Real-Time Observation of Nanowire Anode to Help Improve Lithium Batteries
A benchtop version of the world’s smallest battery — its anode a single nanowire one seven-thousandth the thickness of a human hair — has been created by a team led by Sandia National Laboratories researcher Jianyu Huang.
To better study the anode’s characteristics, the tiny rechargeable, lithium-based battery was formed inside a transmission electron microscope (TEM) at the Center for Integrated Nanotechnologies (CINT), a Department of Energy research facility jointly operated by Sandia and Los Alamos national laboratories.
Says Huang of the work, reported in the Dec. 10 issue of the journalScience, “This experiment enables us to study the charging and discharging of a battery in real time and at atomic scale resolution, thus enlarging our understanding of the fundamental mechanisms by which batteries work.”
Because nanowire-based materials in lithium ion batteries offer the potential for significant improvements in power and energy density over bulk electrodes, more stringent investigations of their operating properties should improve new generations of plug-in hybrid electric vehicles, laptops and cell phones.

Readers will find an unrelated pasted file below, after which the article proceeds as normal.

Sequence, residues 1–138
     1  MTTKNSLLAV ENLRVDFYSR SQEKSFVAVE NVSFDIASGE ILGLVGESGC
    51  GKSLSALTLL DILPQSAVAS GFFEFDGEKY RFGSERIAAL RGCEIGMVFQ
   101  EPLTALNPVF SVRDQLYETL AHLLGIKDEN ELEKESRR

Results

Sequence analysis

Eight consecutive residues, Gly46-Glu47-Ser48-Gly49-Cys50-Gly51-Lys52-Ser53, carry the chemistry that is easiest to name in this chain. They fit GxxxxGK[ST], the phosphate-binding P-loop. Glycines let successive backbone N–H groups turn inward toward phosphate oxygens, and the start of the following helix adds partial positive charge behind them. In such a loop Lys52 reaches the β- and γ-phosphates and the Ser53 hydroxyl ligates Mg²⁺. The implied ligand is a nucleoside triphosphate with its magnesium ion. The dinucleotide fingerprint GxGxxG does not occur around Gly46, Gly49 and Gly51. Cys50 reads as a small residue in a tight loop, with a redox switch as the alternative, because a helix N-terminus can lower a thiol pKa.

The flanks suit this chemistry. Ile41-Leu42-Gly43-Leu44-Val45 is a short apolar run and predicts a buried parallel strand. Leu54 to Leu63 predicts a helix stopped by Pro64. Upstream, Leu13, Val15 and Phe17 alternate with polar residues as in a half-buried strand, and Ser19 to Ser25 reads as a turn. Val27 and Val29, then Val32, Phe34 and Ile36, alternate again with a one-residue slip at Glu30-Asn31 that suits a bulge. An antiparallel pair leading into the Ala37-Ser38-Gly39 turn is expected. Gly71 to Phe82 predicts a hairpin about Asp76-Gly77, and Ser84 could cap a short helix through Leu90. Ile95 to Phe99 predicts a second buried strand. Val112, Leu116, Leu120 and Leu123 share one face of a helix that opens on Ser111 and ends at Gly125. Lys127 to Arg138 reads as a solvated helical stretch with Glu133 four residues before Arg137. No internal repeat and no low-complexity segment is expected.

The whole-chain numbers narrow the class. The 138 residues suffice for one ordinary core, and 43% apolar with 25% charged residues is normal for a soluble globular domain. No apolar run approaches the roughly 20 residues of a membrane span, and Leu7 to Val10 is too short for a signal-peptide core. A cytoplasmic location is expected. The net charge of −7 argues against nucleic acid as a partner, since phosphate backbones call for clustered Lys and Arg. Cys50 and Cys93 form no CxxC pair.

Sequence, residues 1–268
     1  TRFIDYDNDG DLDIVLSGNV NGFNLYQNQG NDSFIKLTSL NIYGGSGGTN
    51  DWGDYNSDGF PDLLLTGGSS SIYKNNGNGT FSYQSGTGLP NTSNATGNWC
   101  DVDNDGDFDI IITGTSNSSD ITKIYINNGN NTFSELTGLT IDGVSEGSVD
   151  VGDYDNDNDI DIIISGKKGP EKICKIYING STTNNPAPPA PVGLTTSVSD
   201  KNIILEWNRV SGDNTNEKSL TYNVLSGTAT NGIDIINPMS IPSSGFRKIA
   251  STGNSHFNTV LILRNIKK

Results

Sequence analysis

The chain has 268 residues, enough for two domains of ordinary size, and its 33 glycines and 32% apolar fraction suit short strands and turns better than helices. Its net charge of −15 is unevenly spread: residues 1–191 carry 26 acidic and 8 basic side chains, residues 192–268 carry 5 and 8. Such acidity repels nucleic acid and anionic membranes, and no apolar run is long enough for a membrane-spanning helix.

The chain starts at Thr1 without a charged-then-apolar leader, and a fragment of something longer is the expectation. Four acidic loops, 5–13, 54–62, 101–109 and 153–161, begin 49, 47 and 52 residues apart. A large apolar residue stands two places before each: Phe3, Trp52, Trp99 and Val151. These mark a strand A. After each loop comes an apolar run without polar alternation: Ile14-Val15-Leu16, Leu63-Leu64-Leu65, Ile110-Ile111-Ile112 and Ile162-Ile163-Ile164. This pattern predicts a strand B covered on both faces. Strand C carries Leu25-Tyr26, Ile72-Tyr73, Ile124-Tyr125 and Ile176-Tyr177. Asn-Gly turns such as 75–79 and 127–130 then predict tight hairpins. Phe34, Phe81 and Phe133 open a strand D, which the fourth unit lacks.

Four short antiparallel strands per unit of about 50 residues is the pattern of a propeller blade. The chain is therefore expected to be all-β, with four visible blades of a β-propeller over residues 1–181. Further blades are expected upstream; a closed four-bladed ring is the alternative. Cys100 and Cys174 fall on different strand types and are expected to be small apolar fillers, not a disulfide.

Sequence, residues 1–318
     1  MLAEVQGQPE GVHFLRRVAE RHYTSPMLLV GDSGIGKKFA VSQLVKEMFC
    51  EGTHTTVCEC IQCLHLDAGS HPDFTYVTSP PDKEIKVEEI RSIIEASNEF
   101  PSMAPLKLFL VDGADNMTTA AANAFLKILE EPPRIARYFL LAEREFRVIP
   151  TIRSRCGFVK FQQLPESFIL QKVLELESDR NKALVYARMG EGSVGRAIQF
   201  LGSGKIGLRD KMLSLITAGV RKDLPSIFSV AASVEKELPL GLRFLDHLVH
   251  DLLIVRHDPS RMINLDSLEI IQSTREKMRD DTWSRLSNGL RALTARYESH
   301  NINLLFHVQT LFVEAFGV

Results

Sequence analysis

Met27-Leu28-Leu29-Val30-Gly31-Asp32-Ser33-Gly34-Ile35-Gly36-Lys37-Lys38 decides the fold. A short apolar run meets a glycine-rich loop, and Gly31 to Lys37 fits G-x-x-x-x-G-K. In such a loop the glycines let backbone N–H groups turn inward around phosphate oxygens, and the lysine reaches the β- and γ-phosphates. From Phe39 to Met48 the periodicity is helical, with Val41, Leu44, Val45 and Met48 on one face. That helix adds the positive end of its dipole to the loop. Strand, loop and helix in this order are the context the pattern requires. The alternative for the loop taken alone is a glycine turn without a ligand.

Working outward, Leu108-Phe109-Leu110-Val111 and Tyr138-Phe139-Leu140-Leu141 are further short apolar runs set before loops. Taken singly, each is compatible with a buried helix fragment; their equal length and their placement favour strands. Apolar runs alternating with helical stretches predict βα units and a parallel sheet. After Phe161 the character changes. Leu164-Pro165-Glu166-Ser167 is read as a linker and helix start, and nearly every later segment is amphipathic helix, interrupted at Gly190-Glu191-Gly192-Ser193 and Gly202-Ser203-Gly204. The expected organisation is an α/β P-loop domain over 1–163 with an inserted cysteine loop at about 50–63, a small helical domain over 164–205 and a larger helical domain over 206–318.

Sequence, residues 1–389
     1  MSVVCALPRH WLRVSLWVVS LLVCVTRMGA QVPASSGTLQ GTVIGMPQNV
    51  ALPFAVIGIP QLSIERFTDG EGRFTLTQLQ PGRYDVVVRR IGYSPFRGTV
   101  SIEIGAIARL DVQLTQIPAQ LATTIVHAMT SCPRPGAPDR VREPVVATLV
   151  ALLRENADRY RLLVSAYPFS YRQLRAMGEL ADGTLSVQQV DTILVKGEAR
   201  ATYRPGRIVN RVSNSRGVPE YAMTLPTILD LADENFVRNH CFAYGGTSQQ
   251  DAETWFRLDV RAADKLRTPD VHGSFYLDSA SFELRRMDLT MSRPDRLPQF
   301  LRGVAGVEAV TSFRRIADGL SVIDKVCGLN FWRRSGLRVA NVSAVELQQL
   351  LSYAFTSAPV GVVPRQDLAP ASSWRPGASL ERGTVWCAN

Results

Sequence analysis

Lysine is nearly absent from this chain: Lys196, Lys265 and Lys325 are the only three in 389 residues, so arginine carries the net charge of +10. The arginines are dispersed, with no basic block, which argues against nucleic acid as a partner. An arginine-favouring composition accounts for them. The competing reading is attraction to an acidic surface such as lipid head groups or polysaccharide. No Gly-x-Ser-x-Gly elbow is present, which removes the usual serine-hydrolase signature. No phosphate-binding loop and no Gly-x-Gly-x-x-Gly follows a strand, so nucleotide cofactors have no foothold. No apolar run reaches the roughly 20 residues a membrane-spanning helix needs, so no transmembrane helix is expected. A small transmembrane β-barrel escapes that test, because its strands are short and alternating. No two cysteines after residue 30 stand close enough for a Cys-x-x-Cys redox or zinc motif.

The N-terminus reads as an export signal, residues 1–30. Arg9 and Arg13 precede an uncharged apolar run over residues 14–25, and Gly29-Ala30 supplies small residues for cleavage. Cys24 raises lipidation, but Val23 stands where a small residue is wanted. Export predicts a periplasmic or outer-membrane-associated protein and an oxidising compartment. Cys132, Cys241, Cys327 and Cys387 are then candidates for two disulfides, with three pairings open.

“What motivated our work,” says Huang, “is that lithium ion batteries [LIB] have very important applications, but the low energy and power densities of current LIBs cannot meet the demand. To improve performance, we wanted to understand LIBs from the bottom up, and we thought in-situ TEM could bring new insights to the problem.”
Battery research groups do use nanomaterials as anodes, but in bulk rather than individually — a process, Huang says, that resembles “looking at a forest and trying to understand the behavior of an individual tree.”
The tiny battery created by Huang and co-workers consists of a single tin oxide nanowire anode 100 nanometers in diameter and 10 micrometers long, a bulk lithium cobalt oxide cathode three millimeters long, and an ionic liquid electrolyte. The device offers the ability to directly observe change in atomic structure during charging and discharging of the individual “trees.”
An unexpected find of the researchers was that the tin oxide nanowire rod nearly doubles in length during charging — far more than its diameter increases — a fact that could help avoid short circuits that may shorten battery life. “Manufacturers should take account of this elongation in their battery design,” Huang said. (The common belief of workers in the field has been that batteries swell across their diameter, not longitudinally.)